“We don’t have a good way to go back and look at previous project lessons learned to apply to future projects, so why bother?”
On the whole, my students don’t find lessons learned to be time well spent.
In many ways, I agree. Consider that you may stand more to gain by looking at what you should be doing more or less of within the project you’re currently working on than you do trying to capture ideas for the next project – whenever and whatever that is. Read the Complete Article
Smart Project Endings Add Serious Value
By Timothy Prosser
Failing to effectively end projects can have high but hidden costs. Some companies are so buried in the latest and hottest project or in “fighting fires” that they fail to close projects constructively. In doing so they not only miss opportunities to generate extra value for the company and everyone involved, but also to maintain the quality of management information (financial and other types) and prevent or limit cost overruns. When projects aren’t formally ended some workers may go on working on them unaware that it is time to move on to other work. Other workers may find reason to continue to charge the project for their time, especially if they run into a slack period without enough work to keep them busy (which happens naturally in many product development organizations or in highly seasonal work). This is especially likely where “charging overhead” has a negative stigma attached to it and project charge codes are not shut off. Read the Complete Article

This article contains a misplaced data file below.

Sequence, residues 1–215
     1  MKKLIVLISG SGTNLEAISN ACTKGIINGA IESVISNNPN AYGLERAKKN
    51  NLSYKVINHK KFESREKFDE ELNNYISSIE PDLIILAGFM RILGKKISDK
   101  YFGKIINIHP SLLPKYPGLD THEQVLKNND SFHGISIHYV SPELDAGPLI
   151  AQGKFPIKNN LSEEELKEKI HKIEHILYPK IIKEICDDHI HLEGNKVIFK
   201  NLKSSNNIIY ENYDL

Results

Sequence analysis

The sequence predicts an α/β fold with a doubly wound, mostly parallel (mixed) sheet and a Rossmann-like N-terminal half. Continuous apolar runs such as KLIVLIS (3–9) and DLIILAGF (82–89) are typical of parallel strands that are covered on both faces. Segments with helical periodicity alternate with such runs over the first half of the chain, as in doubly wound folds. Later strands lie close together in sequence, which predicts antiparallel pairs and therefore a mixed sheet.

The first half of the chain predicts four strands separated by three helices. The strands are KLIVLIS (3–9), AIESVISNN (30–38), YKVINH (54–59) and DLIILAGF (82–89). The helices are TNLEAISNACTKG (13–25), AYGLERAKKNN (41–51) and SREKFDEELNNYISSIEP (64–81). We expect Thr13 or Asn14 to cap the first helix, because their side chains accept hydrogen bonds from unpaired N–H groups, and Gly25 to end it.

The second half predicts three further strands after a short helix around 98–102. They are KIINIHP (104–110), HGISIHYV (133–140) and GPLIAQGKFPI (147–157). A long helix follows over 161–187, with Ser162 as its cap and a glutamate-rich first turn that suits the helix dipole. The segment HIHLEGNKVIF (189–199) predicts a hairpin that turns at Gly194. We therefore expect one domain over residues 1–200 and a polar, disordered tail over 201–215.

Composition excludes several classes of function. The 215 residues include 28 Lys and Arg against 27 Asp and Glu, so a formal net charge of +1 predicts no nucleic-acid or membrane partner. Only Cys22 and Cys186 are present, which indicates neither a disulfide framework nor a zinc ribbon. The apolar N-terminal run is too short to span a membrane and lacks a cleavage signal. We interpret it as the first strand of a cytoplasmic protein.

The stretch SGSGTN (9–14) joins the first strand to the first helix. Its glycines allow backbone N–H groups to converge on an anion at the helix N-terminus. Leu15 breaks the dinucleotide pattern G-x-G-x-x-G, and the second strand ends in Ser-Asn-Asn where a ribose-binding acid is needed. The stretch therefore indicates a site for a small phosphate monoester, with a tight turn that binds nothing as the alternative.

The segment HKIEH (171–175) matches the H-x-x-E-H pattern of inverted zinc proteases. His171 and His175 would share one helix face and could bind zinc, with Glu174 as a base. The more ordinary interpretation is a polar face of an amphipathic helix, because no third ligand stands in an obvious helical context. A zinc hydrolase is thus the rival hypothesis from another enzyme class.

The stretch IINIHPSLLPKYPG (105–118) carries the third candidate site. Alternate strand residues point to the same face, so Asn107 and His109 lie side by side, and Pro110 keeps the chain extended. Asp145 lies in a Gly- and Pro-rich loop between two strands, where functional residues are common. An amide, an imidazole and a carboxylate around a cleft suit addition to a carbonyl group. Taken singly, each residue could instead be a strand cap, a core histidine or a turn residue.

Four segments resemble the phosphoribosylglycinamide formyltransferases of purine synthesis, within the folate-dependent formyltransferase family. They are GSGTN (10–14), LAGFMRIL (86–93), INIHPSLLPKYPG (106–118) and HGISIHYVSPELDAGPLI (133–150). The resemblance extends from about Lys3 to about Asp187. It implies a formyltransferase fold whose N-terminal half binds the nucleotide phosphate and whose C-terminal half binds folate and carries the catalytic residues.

Project Management: Paying Attention to What Went Well
By Chad Baker
In a recent lessons learned session, a team member noted that responses to “What went well?” were often overlooked in favor of “What did not go so well?” responses. He specifically felt that the former lessons were only captured as quick “pats-on-the-back,” while the latter were reasons to take a hard look at the team and each individual for what went wrong and what must be improved.
While I didn’t agree completely, I believe it’s natural for a team to dive deeper into problem areas than to review areas where the team is strong. Thankfully, we had an excellent example during the session that demonstrated the value of taking extra time to discuss a positive lesson and how future projects might benefit.
A Closer Look Uncovers Responsive Design and Mobility Success
The lesson was initially presented as, “Responsive design worked out well on this project.” Obviously, this is a fairly generic statement needing further definition to apply as a lesson learned. Read the Complete Article